the WHITE HOUSEPresident Donald J. Trump

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The White House
Office of the Press Secretary
For Immediate Release

ICYMI: What People are Saying About the Second Lady's Initiative

What People Are Saying About Art Therapy: Healing with the HeART

“As an art therapist for over 50 years, my belief in its healing power has actually deepened over time. In a world where trauma is ubiquitous and trust is often fragile, art therapy offers a powerful way to help those who suffer to express in images what cannot be said in words. I am grateful to Mrs. Pence for recognizing the uniquely restorative potential of the discipline to which I have devoted my professional life. If its availability were expanded, many more people in pain could be helped by competent art therapists, who grasp both the vulnerability and the resiliency of the human spirit.”  –Dr. Judy Rubin, PhD, ATR-BC
 
“Art therapy is a regulated mental health profession that enables people to express themselves through the creative process, especially when words fail them,” said Donna Betts, President of the American Art Therapy Association.  “As the Second Lady’s initiative shines a spotlight on art therapy, the American Art Therapy Association serves as the nation’s leading resource for expanding access to art therapy services.  It is my personal conviction that the Second Lady Mrs. Karen Pence’s initiative is a gift to all Americans and will enrich the profession so that more people can be helped, and more lives can be improved by the power of art therapy.” –Donna Betts, PhD, ATR-BC, President of the American Art Therapy Association & Associate Professor of Art Therapy, George Washington University
 

“Having worked as an art psychotherapist for over 40 years, I’ve seen a wide range of clients—from institutionalized adults to incarcerated youth to school-aged children and their families—benefit tremendously from art therapy. Mrs. Pence’s initiative will certainly help promote the efficacy of art therapy among these and many other diverse populations. I hope that it will also inspire those interested in the creative arts and psychology, particularly young people and people from diverse backgrounds, to enter the profession.“ –Dr. Cheryl Doby-Copeland, PhD, ATR-BC, LPC, LMFT, Art Therapist
 
“I have seen first-hand the healing power of Art Therapy. It is integral to the holistic, patient centered care provided to service members and Veterans who receive care at the National Intrepid Center of Excellence and across the Creative Forces Network. As art therapists work side by side with other clinicians, they are healing our Nation’s Heroes. Demand is high for the compassionate, professional care that art therapists provide. That makes this an exciting time for anyone who has the skill, interest, and dedication that it takes to pursue a career in Art Therapy.” –Dr. Sara Kass, Retired Navy Captain, Creative Forces: NEA and DOD/Va Healing Arts Network

“After 23 years and 7 deployments with 3 to combat zones in both Iraq and Afghanistan as a bomb technician, I was left with several mental health issues requiring therapy on top of cognitive impairments due to blast exposure (severe PTSD, depression, and TBI). Over the span of 5 years, I was treated with every known accepted approach, ranging from psychotherapy and medication, to biofeedback and Prolonged Exposure Therapy. After marginal results in previous therapies, I was referred to a Complimentary and Alternative treatment program that focused on Art Therapy. I can say without reservation that Art Therapy saved my mental health, my marriage, and ultimately my life. I was on the verge of giving up on ever getting better I found Art Therapy. I continue to use art therapy to this day.”  –Chris Stowe, United States Marine Corps Master Gunnery Sergeant (retired) 1993-2015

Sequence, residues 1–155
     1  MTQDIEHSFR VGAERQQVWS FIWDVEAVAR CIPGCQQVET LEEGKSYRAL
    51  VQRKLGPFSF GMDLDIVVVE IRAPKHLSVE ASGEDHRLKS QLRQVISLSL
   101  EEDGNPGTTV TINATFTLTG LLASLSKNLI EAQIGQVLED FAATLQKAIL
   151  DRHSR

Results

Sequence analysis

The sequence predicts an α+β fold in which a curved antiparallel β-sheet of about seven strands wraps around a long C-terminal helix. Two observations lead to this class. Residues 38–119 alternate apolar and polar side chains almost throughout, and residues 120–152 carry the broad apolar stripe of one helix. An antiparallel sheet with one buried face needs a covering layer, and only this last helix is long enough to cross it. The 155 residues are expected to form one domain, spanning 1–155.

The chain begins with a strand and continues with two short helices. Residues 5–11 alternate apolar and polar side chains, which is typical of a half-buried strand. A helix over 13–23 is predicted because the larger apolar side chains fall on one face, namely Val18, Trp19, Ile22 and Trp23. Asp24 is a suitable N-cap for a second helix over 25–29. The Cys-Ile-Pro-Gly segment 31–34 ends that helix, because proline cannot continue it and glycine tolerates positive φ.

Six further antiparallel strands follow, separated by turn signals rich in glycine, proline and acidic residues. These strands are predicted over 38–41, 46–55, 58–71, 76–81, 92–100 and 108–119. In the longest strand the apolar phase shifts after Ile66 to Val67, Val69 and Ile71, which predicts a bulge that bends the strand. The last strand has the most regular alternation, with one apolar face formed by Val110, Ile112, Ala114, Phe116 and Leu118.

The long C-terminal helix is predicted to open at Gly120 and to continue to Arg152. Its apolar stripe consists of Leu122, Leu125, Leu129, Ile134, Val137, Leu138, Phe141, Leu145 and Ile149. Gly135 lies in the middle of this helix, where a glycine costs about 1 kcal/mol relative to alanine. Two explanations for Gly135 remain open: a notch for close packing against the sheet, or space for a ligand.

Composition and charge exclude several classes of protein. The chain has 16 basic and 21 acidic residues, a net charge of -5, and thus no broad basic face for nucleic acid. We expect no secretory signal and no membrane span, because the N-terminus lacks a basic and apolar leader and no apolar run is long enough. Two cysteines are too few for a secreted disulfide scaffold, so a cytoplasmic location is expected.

“Art therapy has been shown to be effective in the treatment of trauma, especially for our injured service men and women. At the National Intrepid Center of Excellence, Walter Reed, art therapy is an integrative treatment for ‎traumatic brain injury and post-traumatic stress. The process of putting psychological pain into physical form is powerful, and allows the service members to safely work through the pain with the guidance of an art therapist.” —Melissa Walker, MA, ATR, Healing Arts Program Coordinator/Art Therapist, NICoE, WRNMMC
 

“Art therapy can help people of almost any age and ability. Senior citizens, service members, children with emotional or physical challenges, people trying to rebuild after natural disasters or episodes of violence all use art therapy to relieve stress, express feelings, and build hope and resiliency to meet life’s challenges.”
–Tracy Councill, Program Director for Tracy’s Kids
 
To stay updated on the Second Lady’s art therapy program visits and stories shared about the life changing treatment, follow the Second Lady’s Blog Page. To stay updated on her events, follow her on Twitter at, @SecondLady.  
 
About Art Therapy
Second Lady Karen Pence chose one initiative to champion, and it is art therapy. According to the American Art Therapy Association, art therapy is an integrative mental health and human services profession that enriches the lives of individuals, families, and communities through active art-making, creative process, applied psychological theory, and human experience within a psychotherapeutic relationship. Art therapy is facilitated by professional art therapists who are experts in human development, psychological, and counseling theories and techniques.